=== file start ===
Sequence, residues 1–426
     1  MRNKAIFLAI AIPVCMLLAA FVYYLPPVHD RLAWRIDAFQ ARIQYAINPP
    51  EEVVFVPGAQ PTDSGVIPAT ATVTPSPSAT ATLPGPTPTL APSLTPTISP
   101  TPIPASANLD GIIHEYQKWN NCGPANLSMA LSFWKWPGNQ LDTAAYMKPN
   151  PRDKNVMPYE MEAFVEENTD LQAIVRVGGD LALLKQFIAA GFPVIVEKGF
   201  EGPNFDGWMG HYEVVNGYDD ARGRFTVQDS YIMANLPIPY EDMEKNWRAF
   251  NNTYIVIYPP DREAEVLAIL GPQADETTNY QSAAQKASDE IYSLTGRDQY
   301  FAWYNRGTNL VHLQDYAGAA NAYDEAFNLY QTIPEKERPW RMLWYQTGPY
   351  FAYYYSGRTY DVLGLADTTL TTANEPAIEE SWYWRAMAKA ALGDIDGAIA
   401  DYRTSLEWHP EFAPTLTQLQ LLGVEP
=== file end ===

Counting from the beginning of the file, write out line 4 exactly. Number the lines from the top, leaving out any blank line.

   101  TPIPASANLD GIIHEYQKWN NCGPANLSMA LSFWKWPGNQ LDTAAYMKPN